Review: Twin Forks – Twin Forks

twin_forks

With the slew of folk rock acts that have seemingly burst from the woodwork directly into the mainstream in recent years, it’s fair to assume that there would be certain amount of bands pandering to the newfound demographic. How then, would one go about determining what’s genuine? Perhaps it’s all in the eye of the beholder.

An established songwriter jumping on the folk rock bandwagon may appear odd to some, but for many of us that have grown up with Chris Carrabba, Twin Forks makes sense.

The Americana/folk rock band was formed in 2011 by Carrabba, who has become a living emo legend due to his time in Further Seems Forever and Dashboard Confessional. If the shift to Twin Forks seems stark and curious, one listen to the band’s debut self-titled LP should bring a bit of clarity.

Previously, Carrabba had made a career out of heart-on-his-sleeve, emotion-filled cuts that dug deep at the sting of lost love. The early Dashboard albums felt so in the moment, mostly because so many of us were experiencing them in the midst of similar pain.

The appearance of Twin Forks is about much more than a fresh stylistic change, it’s about growing up. Now in his late 30s, Carrabba seems to be taking this opportunity to show his growth – not only as a musician, but as a person.

Twin Forks is about love, viewed through the eyes of a wiser, yet still learning adult. Opener “Can’t Be Broken” exhibits not only the fresh upbeat folk sound of the band, but brings Carrabba’s storytelling abilities to the forefront.

Throughout the course of the album, he’ll reflect on past love and the excitement of new love with a patient eye. There’s no rush and the album flows smoothly in both lyric and tone. The tracks themselves provide the appropriate soundtrack to each story, shifting from toe tapping twang to stripped down strumming with relative ease.

Truth be told, there’s some familiarity to be found here as well. Songs like “Cross My Mind” and “Danger” wouldn’t feel too out of place on Dashboard’s 2009 outing Alter the Ending. Meanwhile, “Plans” features one of the more emotional melodies that Carrabba has written in years and “Back to You” finds his recognizable strained vocals fitting right in to their new background.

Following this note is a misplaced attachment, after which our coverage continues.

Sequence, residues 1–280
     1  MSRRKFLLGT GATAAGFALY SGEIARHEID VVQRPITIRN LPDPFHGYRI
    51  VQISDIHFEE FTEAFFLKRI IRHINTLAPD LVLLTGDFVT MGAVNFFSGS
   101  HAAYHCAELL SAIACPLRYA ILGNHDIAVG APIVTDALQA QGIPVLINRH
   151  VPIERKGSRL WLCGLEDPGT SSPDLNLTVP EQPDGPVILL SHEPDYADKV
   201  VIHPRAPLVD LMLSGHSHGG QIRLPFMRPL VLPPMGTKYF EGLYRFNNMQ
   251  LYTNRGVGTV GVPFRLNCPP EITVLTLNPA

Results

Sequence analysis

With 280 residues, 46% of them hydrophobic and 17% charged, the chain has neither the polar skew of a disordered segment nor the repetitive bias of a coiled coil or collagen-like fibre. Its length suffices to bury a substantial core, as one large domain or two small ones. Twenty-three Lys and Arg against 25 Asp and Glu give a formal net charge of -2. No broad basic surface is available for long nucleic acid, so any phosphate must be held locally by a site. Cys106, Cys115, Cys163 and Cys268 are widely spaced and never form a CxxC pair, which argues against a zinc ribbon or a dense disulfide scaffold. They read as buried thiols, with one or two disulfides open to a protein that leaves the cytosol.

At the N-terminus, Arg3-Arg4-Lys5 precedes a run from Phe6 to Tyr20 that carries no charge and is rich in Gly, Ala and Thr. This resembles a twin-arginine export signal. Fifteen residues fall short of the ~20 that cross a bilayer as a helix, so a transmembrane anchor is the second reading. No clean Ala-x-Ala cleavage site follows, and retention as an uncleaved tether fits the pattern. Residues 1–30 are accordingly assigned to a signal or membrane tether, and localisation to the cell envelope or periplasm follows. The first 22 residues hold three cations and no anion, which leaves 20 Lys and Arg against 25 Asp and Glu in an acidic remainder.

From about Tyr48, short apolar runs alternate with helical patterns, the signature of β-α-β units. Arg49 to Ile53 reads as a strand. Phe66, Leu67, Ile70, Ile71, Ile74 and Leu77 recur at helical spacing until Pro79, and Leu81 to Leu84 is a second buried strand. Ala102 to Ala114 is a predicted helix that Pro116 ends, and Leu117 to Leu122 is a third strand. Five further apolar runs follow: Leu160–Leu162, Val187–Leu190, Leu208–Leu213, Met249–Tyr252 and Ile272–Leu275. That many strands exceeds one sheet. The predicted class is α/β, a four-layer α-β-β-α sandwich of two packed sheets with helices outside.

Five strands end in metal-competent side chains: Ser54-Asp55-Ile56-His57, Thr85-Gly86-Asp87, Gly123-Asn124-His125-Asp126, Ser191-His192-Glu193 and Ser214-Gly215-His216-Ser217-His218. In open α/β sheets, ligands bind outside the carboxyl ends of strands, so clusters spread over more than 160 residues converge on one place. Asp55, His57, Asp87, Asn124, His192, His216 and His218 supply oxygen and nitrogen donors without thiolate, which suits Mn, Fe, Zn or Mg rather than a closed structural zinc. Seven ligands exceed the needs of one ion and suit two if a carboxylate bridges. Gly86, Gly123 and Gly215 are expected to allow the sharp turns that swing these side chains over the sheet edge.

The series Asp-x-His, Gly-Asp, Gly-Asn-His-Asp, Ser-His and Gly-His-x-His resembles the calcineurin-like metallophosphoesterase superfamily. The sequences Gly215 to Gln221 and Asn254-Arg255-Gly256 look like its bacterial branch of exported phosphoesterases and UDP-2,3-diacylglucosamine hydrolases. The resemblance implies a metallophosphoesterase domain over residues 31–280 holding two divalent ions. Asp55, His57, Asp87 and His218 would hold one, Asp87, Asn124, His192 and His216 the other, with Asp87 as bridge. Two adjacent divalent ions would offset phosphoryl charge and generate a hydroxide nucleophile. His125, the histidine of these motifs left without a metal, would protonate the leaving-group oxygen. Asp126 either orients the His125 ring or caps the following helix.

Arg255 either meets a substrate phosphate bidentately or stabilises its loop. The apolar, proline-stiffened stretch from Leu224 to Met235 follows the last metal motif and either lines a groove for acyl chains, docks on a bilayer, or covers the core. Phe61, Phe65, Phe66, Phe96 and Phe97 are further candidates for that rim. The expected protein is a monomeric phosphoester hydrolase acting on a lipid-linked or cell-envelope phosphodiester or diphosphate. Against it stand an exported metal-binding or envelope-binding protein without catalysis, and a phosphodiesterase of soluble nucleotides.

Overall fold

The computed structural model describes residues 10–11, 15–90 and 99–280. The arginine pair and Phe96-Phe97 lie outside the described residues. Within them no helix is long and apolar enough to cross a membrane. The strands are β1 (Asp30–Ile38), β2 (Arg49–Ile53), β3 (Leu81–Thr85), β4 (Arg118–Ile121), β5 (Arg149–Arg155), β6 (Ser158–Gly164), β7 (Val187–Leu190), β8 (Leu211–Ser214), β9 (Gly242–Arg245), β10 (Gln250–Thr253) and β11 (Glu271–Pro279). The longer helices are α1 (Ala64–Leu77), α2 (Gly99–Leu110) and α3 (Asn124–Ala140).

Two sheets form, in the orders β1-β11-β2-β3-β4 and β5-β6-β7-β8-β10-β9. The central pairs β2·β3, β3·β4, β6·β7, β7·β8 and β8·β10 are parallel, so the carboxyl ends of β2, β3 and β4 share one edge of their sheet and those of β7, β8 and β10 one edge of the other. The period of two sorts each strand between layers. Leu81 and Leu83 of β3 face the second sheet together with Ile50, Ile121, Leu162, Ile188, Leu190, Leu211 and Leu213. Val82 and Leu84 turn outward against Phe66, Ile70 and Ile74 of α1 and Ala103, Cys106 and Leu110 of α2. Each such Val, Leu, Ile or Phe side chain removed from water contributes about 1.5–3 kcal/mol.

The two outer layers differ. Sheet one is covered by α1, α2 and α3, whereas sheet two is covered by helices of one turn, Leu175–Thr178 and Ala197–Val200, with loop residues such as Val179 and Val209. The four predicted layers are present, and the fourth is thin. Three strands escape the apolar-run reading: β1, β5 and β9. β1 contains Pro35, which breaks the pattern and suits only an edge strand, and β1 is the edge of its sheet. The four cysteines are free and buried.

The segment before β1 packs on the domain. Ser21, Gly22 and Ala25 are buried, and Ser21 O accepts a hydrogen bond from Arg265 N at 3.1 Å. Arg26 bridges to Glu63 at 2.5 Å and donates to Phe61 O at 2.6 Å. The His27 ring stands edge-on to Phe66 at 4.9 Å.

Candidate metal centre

Backup vocals, courtesy of Suzie Zeldin (The Narrative), are a welcome addition to the mix, providing a wonderful harmony on tracks like “Kiss Me Darling”. Likewise, her mandolin pushes several of the songs over the top by capturing jubilant and thoughtful moments.

If there’s any gripe to be found, it’s that Twin Forks sometimes seems to be constricted by its chosen genre. “Scraping Up the Pieces” feels a bit forced and formulaic while “Come On” uses its upbeat tempo to guise a rather boring track. However, where these tracks lack in depth they certainly make up for in charm.

At first glance, Twin Forks appears as an awkward flight from known territory for Carrabba, but it’s clear that he knows what he’s doing. Some detractors have pointed out a lack of his once-appealing painful songwriting in his more recent work. This is a good thing.

Those old Dashboard songs will always serve to remind us of our youth, but with age comes experience and perspective. Twin Forks offers these qualities in abundance and meshes them with a sound that feels mature and honest to the subjects at hand. In doing so, Carrabba has shown us that there’s more than one way to wear your heart on your sleeve.

4/5

by Kiel Hauck

kiel_hauckKiel Hauck is the editor in chief at It’s All Dead. Over the past decade, he has been a contributor for multiple online and print publications and was most recently an editor at PopMatters. Kiel currently resides in Indianapolis, IN with his wife and their imaginary pet, Hand Dog. You can follow him on Twitter.

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